Reading 83/341, 1 Samuel 25-27

Three stories today. The middle story is a sort of repeat of an earlier story we had. The Jews often did this in the Old Testament. You may remember similar episodes with Abraham who twice, with 2 different kings, lied about Sarah being his sister instead of his wife. If both stories happened, then we are to understand that the reconciliation between Saul and David that takes place at the end of each story is very temporary. This sort of fits, because in both stories David shouts across to Saul. He never goes near him. It is as if Saul has to admit what he admits each time, but David still knows better than to trust him.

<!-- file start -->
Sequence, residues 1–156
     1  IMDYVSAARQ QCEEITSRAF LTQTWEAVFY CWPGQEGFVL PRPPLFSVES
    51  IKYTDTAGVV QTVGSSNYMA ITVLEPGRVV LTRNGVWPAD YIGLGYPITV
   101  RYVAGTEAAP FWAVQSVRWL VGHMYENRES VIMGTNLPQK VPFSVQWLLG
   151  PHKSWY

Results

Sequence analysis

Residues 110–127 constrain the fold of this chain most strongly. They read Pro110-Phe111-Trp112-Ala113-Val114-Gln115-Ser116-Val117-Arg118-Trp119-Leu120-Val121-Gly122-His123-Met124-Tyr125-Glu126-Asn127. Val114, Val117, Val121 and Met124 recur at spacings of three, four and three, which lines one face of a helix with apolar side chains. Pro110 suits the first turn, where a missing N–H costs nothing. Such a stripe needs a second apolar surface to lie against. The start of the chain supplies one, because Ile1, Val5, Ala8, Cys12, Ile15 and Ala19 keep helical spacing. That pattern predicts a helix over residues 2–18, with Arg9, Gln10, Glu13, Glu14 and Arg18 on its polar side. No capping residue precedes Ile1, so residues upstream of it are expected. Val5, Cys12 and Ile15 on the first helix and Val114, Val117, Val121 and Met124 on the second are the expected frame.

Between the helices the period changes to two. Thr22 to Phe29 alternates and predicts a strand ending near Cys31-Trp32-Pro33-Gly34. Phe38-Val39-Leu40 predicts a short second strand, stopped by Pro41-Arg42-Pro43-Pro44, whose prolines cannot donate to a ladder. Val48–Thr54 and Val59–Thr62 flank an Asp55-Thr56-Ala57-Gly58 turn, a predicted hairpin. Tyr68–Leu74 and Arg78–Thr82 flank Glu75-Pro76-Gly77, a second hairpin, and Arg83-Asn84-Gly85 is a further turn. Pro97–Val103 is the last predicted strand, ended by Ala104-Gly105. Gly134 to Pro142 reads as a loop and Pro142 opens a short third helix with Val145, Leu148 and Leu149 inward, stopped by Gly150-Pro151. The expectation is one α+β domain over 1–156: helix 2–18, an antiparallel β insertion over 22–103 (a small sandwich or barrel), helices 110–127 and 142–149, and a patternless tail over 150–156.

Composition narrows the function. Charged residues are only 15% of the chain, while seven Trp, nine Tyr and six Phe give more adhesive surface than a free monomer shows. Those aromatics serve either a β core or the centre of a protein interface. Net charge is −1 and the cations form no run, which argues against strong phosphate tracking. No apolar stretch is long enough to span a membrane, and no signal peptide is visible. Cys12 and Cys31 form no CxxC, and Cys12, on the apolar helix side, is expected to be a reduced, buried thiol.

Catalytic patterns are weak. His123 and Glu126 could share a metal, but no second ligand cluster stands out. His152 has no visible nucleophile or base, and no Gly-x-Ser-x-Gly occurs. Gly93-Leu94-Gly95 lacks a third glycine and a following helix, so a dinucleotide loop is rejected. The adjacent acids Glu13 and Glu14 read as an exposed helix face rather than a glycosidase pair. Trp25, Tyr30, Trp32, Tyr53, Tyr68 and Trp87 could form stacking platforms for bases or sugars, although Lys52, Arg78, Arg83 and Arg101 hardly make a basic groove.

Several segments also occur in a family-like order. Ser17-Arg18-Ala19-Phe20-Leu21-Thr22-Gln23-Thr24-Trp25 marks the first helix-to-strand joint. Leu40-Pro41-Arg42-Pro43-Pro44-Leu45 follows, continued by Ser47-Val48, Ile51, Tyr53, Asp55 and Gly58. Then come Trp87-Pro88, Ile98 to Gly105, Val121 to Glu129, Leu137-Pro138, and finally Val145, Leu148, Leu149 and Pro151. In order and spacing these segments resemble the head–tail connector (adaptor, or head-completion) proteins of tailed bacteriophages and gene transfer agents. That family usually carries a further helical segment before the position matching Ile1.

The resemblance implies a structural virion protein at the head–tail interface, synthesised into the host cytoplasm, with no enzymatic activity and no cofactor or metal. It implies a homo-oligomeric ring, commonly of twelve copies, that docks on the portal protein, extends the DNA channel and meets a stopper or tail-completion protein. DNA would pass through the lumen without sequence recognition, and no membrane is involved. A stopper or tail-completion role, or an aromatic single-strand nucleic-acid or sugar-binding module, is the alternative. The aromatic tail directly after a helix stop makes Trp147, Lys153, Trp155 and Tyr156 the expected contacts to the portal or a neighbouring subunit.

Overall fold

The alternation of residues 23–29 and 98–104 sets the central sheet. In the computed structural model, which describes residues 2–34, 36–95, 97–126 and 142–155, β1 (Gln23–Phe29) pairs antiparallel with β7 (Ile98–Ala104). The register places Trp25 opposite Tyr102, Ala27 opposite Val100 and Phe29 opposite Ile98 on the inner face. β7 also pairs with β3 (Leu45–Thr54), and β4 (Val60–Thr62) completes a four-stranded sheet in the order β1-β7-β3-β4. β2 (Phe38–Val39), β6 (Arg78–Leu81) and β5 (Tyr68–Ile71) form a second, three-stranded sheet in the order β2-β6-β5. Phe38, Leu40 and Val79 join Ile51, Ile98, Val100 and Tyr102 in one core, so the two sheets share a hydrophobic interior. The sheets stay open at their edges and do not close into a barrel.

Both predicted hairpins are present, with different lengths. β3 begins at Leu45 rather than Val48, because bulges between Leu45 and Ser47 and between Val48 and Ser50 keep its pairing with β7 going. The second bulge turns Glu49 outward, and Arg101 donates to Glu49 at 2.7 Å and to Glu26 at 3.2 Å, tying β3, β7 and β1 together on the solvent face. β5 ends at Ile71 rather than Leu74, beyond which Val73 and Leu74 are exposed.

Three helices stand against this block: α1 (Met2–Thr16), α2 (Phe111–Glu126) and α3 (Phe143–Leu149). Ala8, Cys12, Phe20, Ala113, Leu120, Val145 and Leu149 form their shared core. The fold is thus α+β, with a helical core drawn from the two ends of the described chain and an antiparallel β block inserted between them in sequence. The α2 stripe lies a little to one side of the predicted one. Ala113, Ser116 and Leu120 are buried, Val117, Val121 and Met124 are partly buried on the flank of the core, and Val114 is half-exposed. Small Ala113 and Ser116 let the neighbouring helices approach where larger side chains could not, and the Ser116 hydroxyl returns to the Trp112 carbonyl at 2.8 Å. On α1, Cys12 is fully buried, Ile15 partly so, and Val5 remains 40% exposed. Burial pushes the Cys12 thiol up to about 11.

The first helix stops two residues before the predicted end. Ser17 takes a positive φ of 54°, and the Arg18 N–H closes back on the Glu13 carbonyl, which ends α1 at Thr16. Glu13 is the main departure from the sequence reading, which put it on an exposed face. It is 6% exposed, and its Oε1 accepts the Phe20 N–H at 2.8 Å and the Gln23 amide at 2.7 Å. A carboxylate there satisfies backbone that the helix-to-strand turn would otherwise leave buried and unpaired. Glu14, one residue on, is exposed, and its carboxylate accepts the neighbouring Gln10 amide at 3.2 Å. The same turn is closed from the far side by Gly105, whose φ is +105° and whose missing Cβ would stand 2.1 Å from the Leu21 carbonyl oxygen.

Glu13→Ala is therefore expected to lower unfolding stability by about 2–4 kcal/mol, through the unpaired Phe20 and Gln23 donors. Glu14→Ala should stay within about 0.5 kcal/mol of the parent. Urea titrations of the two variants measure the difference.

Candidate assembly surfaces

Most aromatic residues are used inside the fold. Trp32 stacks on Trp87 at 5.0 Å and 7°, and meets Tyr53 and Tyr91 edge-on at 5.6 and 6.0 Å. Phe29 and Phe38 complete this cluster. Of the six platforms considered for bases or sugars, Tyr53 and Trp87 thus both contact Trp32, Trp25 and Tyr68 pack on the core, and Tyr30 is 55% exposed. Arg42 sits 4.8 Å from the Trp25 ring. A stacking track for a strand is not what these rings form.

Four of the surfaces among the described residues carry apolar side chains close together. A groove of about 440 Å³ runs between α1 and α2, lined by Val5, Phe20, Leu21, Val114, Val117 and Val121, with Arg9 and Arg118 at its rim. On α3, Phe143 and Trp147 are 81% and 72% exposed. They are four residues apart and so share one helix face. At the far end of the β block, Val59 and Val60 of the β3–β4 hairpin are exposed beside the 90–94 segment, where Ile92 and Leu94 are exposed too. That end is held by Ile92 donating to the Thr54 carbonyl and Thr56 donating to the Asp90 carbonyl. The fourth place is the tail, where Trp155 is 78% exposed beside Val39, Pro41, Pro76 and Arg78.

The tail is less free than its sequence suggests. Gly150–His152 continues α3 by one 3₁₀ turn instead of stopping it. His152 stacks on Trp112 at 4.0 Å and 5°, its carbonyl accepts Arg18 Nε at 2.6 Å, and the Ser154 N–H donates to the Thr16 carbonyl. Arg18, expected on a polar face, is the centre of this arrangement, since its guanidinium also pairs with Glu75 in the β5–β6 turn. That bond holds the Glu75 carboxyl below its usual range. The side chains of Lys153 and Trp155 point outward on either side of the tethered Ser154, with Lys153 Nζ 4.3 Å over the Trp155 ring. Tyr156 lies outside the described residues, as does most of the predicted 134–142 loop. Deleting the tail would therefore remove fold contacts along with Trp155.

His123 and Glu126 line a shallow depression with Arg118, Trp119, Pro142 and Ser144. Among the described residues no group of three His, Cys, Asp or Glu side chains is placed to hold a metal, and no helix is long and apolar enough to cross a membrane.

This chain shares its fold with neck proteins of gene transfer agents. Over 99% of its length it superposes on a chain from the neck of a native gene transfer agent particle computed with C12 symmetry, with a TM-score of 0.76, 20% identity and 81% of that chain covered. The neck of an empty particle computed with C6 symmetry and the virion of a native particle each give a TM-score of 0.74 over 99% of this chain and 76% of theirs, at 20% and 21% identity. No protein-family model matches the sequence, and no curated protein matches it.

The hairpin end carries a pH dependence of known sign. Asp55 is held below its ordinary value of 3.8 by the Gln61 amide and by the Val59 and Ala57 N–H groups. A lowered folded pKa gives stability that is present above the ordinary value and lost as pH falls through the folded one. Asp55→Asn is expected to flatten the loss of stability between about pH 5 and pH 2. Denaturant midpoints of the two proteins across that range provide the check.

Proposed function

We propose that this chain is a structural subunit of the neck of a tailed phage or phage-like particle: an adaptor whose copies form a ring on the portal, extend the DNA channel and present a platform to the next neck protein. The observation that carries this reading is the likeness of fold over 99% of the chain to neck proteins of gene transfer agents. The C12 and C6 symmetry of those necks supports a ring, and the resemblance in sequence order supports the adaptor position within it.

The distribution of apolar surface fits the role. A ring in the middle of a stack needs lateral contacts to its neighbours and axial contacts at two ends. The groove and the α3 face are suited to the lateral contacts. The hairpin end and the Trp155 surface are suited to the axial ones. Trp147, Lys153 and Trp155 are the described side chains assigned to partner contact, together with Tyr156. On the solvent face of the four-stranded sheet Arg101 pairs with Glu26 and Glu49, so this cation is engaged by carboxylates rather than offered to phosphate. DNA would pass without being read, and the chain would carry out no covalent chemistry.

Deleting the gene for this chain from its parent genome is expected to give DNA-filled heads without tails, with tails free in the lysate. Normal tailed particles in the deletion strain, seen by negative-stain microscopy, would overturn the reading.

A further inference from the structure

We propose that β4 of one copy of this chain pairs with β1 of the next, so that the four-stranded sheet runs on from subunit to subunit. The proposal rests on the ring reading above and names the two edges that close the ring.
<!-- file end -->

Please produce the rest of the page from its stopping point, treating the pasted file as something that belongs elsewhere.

...1 Samuel...